Just a few years ago, business leaders were primarily gathering feedback from customers reactively – noting a passing comment from a property investor they ran into on the street or fielding a call from a renter frustrated with a broken appliance.
Today, the industry has evolved considerably and customer satisfaction email surveys, comments from reviews and social media, and even trigger-based net promoter score (NPS) pulse surveys all play a critical role in helping business owners connect better with their customers.
With thousands of customer feedback data points flooding your business every day, it’s critical to find an efficient and effective way to document and review it. Make time to collate and review the data regularly, and bucket the feedback into key areas where you deliver immense value to your customer – and for areas that need improvement.
Feedback is not an admin task. Share customer feedback regularly with your entire team, so they can learn and grow from it.
Customer feedback delivers rich learnings on how to improve your business – even the critical and constructive comments that are sometimes difficult to hear. Feedback is a great catalyst to ensure we regularly review our systems and processes, and continue doing things we are good at, and review the things we are not so good at. These present us with learning opportunities for our team and become the foundation of our team training.
Cathie Crampton from Place Estate Agents regularly uses customers feedback in her business to train her team.
"Ailo enables my operations manager to coach our property management team members on how to improve their dialogue and create a much more intimate engagement with their client."
I recently sat down with a group of Ailo Insights customers to talk about the results from their customer surveys. Their customers considered their property managers as knowledgeable and good at communication, but they didn't see value in the fees they were paying. This allowed us to open up the conversation about how they could provide better value to their customers. Lots of creative ideas surfaced, however, we soon arrived at a consensus that perhaps the value was already there – but they simply weren’t communicating it to their customer.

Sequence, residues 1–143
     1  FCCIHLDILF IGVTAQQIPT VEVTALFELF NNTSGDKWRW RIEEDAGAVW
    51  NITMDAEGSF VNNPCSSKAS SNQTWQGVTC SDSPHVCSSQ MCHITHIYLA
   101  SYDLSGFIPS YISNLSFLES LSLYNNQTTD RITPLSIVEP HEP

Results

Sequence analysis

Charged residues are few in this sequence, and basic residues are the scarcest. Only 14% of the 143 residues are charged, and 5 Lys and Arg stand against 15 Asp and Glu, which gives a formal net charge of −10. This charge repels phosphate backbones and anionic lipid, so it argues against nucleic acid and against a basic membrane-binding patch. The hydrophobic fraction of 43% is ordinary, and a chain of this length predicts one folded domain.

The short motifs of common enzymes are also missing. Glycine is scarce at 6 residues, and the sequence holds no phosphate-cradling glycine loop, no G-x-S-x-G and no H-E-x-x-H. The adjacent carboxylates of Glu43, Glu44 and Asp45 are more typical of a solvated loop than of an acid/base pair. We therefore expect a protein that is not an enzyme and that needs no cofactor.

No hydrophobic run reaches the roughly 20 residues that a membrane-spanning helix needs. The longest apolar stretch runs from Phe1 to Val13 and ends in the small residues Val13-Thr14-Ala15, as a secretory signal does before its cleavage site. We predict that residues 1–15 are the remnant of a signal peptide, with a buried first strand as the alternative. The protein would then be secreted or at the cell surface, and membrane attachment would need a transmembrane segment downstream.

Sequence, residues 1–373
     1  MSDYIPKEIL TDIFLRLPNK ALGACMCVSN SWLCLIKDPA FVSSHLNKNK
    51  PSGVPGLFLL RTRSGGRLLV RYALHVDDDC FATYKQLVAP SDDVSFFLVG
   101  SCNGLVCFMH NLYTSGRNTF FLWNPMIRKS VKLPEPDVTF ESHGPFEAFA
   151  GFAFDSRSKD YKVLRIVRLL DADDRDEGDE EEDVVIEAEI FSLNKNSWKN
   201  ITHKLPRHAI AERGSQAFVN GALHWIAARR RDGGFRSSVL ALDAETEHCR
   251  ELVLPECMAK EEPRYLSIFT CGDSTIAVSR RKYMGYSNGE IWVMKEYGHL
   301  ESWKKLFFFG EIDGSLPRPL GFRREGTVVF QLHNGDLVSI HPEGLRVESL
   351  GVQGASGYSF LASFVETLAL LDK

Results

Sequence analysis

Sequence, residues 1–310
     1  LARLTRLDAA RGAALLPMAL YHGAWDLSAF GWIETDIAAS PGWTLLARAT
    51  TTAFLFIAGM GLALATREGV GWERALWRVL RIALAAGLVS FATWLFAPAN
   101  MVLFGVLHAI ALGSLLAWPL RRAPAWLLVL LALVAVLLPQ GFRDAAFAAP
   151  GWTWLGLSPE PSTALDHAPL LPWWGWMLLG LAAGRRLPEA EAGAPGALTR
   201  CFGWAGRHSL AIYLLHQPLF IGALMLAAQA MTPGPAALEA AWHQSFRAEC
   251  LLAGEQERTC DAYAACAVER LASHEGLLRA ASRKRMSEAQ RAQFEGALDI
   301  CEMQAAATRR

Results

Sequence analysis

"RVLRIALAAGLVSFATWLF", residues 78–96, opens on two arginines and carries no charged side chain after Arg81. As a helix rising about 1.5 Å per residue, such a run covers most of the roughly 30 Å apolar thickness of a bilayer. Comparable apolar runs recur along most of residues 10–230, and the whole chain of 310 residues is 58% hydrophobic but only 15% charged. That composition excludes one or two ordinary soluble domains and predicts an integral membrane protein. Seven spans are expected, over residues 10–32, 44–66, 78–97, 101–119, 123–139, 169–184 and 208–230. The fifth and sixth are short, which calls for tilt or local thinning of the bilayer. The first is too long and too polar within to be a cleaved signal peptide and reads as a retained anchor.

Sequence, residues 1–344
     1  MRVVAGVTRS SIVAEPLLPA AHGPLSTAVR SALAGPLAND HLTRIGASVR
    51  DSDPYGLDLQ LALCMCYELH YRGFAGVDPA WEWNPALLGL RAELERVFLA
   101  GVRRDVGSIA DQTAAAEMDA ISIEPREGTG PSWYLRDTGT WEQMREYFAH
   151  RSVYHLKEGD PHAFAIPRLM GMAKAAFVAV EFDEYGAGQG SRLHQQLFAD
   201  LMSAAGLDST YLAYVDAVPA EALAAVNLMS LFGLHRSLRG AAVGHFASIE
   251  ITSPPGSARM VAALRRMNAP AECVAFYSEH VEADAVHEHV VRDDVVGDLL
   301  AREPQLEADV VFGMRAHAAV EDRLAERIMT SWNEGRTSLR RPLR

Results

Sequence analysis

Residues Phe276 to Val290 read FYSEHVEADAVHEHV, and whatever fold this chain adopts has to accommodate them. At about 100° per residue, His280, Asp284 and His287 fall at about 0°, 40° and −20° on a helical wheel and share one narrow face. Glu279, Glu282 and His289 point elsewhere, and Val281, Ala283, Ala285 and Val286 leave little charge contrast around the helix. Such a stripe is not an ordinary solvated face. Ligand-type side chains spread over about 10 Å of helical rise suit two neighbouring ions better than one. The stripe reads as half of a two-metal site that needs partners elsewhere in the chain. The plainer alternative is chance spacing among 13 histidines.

Digging more into the data, we found most offices had scored very well in communication and so they had overlooked it as a solution to improve their customer value score. As it stood, it was the content of the communication that would influence the value score. For example, renewing a lease is a lengthy and time-consuming process, so it’s critical to keep customers informed at each step. That way, they will have a better appreciation for the value they are receiving for this service while maintaining our customer communication score.
Like we did as a group of business leaders, take the opportunity to review the feedback coming from your customers, and brainstorm ways to adjust your systems and processes to improve the service and value you are delivering. This will enable you to build a strong and valuable relationship with your customer.